NASCAR This Week’s Monte Dutton gives his take: ‘Kenseth is now one of the best, just as Jarrett once was. Kenseth is a championship contender, and Jarrett is trying frantically to get his Toyota up to speed. When roles change, so do attitudes and perceptions.”
As Burton reminds fans, COT based on safety first
AMP BOLTS »
. Carl Edwards
Bobby Hamilton Jr.
Craftsman Truck Series
Ron Hornaday Jr.
* rookieBy Monte Dutton
NASCAR This Week
BRISTOL, Tenn. - Jeff Burton said it was important to consider that the COT had been devised with a priority on safety. The quality of racing may determine the public’s perception, but it was safety concerns that led to the whole development process.
“Without people being hurt, we’d be thinking we were doing good enough, and that’s one of the things we have to guard against in the future,” said Burton. “It’s real easy to look around and say ‘Look how good we are, look how great we are.’ Ifs real easy to convince yourself that you’ve done enough.”
That all changed with Dale Earnhardt’s death in 2001.
“We weren’t good enough,” said Burton. “We weren’t doing enough to move the bar. ... It’s not acceptable that we have to be constantly trying to move the bar when we weren’t doing it, and when I say we, I don’t mean just NASCAR. I mean all of us. It takes the teams, it takes
the drivers, it takes the manufacturers, it takes everyone.”
Remember when? This race marked Bristol’s 50th consecutive sellout, dating back to August 1982. As a track release noted, the streak began when Jeff Gordon, now 35, was ll.
Darrell Waltrip won the first sellout, the Busch 500, and earned $22,925 for first place. Matt Kenseth’s take was $336,516 in August 2006. The pole winner for the first sellout, the late Tim Richmond, averaged 112.507 mph. Now the record, set by Ryan Newman in 2001, is 128.709 mph. At the time of that first sellout:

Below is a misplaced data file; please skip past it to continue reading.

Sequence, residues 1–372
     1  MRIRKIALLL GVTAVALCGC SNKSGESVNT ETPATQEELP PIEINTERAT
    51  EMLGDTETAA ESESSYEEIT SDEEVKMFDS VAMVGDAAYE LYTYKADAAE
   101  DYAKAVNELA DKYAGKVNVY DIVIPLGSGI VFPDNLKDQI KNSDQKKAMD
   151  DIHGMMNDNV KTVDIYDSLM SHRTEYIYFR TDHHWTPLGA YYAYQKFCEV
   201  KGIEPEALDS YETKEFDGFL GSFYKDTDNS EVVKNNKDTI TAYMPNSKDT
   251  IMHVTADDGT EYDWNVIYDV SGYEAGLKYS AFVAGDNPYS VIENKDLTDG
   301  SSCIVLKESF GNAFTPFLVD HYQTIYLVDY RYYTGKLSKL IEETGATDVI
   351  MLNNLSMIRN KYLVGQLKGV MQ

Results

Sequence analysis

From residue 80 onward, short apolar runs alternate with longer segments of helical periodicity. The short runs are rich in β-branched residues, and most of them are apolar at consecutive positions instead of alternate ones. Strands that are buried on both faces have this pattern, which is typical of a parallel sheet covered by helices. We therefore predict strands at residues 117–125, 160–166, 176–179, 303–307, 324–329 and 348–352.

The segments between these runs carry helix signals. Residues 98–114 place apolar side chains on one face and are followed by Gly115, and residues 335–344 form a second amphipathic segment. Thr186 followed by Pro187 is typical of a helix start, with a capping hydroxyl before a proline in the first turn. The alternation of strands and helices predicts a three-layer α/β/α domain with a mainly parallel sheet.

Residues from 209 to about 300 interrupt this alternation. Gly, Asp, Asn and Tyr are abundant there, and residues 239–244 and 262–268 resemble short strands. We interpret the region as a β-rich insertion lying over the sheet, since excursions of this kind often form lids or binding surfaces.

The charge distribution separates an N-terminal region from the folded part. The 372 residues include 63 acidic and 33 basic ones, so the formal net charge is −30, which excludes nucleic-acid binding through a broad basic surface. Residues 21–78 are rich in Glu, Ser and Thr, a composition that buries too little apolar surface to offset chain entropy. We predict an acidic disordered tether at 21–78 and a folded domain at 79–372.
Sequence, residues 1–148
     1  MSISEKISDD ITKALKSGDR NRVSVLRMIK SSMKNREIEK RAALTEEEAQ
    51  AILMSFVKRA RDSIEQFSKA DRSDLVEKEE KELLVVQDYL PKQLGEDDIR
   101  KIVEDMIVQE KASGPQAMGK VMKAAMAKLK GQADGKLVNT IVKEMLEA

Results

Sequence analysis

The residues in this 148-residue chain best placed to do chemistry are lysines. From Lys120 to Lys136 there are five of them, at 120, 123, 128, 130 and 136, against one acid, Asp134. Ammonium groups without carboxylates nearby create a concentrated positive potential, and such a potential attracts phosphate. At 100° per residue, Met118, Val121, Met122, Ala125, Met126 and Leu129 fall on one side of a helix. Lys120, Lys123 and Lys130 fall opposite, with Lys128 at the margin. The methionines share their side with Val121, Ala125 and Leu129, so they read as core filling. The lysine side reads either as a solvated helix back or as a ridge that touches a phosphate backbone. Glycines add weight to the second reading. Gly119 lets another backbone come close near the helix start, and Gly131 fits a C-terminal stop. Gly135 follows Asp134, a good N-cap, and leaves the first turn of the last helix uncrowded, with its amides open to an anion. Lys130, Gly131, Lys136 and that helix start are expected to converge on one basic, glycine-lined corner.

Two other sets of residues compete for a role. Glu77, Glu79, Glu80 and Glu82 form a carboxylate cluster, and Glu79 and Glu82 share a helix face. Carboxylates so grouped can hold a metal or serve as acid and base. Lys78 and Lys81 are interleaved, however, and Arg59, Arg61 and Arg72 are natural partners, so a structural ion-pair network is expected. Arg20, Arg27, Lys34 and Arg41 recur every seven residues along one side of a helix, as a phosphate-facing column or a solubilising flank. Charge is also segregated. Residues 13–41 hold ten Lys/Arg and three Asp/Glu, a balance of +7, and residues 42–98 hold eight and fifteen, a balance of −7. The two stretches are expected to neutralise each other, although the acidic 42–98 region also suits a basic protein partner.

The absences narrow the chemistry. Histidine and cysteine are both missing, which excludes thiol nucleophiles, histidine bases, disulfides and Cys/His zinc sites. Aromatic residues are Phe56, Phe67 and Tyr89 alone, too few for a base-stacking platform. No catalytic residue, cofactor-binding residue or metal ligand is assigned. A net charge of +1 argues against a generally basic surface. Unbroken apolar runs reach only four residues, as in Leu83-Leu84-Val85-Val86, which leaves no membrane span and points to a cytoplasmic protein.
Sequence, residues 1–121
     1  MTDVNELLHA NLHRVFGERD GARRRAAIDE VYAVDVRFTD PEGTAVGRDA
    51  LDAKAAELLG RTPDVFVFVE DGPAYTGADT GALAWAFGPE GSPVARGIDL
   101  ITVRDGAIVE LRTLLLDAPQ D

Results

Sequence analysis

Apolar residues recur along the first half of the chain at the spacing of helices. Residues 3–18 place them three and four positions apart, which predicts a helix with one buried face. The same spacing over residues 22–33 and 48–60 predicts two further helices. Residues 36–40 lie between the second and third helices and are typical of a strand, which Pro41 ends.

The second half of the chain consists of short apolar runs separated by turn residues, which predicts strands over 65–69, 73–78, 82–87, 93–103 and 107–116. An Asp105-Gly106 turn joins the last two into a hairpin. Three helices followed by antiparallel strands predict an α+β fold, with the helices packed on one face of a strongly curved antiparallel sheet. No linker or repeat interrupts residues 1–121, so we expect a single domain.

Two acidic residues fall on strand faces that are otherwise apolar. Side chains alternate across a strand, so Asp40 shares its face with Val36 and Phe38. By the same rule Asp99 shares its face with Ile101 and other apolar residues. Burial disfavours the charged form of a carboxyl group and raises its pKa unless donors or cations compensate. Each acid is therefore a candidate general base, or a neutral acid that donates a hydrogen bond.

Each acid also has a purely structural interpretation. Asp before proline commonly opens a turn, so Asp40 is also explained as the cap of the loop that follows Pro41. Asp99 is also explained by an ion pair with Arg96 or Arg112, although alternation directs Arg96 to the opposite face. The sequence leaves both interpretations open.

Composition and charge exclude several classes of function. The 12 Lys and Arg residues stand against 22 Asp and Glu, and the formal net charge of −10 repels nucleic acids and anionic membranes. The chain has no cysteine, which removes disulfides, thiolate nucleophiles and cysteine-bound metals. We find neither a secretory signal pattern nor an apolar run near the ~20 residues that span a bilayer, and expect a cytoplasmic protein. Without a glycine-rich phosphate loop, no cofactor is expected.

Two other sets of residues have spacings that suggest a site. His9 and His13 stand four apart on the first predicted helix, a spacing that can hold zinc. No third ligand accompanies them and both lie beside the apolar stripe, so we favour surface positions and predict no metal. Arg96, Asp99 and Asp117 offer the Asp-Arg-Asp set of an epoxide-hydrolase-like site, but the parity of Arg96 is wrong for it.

“Late Night With David Letterman” debuted on NBC. Its descendant, of course, is now “The Late Show With David Letterman” on CBS.
Hank Aaron and Frank Robinson had just been inducted into the National Baseball Hall of Fame.
Sally Ride had been selected as the first female astronaut.
Cal Ripken’s consecutive-games streak had just begun.
Michael Jackson released “Thriller,” which would sell 104 million copies.
Georgia’s Herschel Walker was on the way to winning the Heisman Trophy, and it was Paul “Bear” Bryant’s final year as head coach at Alabama.
His No. I fan — It’s been slightly over six years since retired Buddy Baker took on Ryan Newman as a personal project. Since then, Newman has won 12 Cup races and a whopping 38 poles.
Baker, 66, was no slouch himself, finishing his career with 19 victories and 40 poles.
“He’s as close to a third son as I’ve ever had,” said Baker. “I don’t have a record that I wouldn’t like to see him break.”
Work in progress — Denny
Hamlin said it’s important to remember that the COT will continue to evolve during the phase-in process.
“They’re going to change the current car around in probably in the next three years,” he said. “Once we run them in race conditions and we see what can be improved on, I think it’s going to be an evolving car that’s just going to keep changing.”
Not his first rodeo — Robbie Reiser, Matt Kenseth’s crew chief, played down the new inspection procedures applied to the COT. The process went smoothly, according to most observers, but it was more lengthy than in the past.
“You put your car up on jack stands, they check the motor, they check underneath, you go through the tent, they put all the templates on and other than a few new templates and the tolerances being tighter, it really ain’t that different,” he said. “It’s still a stock car. It’s
Same car either way — The Chevrolet version of the Car of Tomorrow would look exactly the same whether it had been branded Impala or not. The same is true of the Dodge Avenger. If Dodge hadn’t decided to call it an Avenger, it would be a Charger, and the only difference would be the decals on the nose.
Still, the fact is that the COT is called an Impala, not a Monte Carlo. The next Impala victory will be the first for that model since Wendell Scott’s only victory, the race run in Jacksonville, Fla., on Dec. 1,1963.
The Impala began its reinvention just one shy of the total victories of the Lumina, which won 61 races during the 1989-94 period. In NASCAR history, Monte Carlos have won 415 races, Lumina 61, Impala 60, BelAir (or Biscayne) 54, Chev-elle 7 and Camaro two. The all-time Chevy total was 599 entering Bristol.